- Eat organic foods! Who needs petroleum-based fertilizers with their dinner? If you can’t afford to buy everything organic, prioritize by avoiding the “dirty dozen.”
- Eat locally raised foods. The less carbon spent transporting your food, the better! Grow your own if you can!
2. Spend your money wisely. It’s really true that in this country, you vote with your money. So be a smart shopper!
- Buy things that reflect your values. Take the time to learn about the corporate practices of companies that you support. Start with one store or company that you frequent. If you learn that you don’t agree with their corporate practices, stop shopping there and find another place to do business.
- Break the cycle of wants vs. needs. It’s a great lesson for both you and your kids. For starters, stop impulse buying. Go into the store with a list and come out only with the things on your list. If you see something you really want and think would improve your life, write it down. Look at it again in a week. Do you still think you need it? Put your list away for another week. Still need it? Now, think about buying it. Make your children do this too.
- Buy quality products that will last. Better to spend $100 on a kitchen appliance that you will still be able to use in 40 years (I still have my mom’s original hand mixer) than to buy that $20 appliance that’s on sale this week and that you will be replacing next week.
- Buy used. So many items can be acquired in good condition from a second hand store, Craigslist, etc. And if you can borrow it, even better!
- If you have investments, take control of them. Choose to invest with a money manager who will apply filters to your portfolio so that you are not supporting Big Oil or Coal AT ALL. Ask your employer to apply those same filters to your retirement funds.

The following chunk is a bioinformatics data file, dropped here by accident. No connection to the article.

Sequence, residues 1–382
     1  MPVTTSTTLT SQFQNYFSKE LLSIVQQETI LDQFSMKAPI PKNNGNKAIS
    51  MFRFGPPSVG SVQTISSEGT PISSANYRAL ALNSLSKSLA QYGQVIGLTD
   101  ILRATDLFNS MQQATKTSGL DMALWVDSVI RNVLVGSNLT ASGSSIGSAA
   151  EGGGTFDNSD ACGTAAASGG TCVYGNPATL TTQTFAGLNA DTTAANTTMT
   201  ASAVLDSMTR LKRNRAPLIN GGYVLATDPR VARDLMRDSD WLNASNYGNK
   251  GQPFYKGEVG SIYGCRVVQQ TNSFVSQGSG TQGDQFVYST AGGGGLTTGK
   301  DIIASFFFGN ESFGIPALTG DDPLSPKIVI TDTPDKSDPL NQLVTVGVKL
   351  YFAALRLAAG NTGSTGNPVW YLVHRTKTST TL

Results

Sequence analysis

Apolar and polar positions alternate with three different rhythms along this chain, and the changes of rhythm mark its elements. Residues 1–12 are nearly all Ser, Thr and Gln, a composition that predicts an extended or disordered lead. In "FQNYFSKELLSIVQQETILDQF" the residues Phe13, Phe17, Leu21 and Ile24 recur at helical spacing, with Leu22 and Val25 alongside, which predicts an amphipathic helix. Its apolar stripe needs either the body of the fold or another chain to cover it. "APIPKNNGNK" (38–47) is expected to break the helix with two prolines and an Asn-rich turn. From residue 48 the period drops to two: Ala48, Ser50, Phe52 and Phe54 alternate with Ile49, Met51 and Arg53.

3. Use gasoline smartly. Set reasonable goals for yourself and see how many tanks of gas you can save per month. Then start thinking big – like replacing your vehicle with something vastly more fuel efficient. Or getting rid of your car completely and using public transit, car shares and the occasional rental to meet your needs. Get started by doing one or more of the following:
- Taking the bus one day a week.
- Making one trip per day by foot or bike.
- Combining errands so you can drive more efficiently.
- Stopping trying to do everything! Stay home. Reduce the number of activities your kids do after school. Pick date nights that you can walk to.
- Take one (or more!) fewer plane trips per year.
4. Use birth control. Seriously. I know a lot of people who have “oops” children, and I know they love them dearly. But the basic problem causing climate change is TOO MANY PEOPLE.
- Have a small family.